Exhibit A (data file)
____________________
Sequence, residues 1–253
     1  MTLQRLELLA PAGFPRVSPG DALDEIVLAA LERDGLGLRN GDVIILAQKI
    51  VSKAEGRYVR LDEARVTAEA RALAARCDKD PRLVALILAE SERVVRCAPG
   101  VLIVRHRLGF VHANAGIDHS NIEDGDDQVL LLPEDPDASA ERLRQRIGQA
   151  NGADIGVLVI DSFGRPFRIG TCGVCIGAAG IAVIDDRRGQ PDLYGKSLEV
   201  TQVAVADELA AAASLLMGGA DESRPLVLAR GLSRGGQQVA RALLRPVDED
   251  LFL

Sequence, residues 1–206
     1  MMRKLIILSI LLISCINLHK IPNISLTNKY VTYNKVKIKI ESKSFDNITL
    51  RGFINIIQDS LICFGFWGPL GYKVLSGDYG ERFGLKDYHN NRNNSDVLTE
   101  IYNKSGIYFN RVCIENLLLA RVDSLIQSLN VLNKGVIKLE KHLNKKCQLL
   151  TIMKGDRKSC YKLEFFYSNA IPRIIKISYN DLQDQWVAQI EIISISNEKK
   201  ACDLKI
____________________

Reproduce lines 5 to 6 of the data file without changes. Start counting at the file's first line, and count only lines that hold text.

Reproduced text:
   151  NGADIGVLVI DSFGRPFRIG TCGVCIGAAG IAVIDDRRGQ PDLYGKSLEV
   201  TQVAVADELA AAASLLMGGA DESRPLVLAR GLSRGGQQVA RALLRPVDED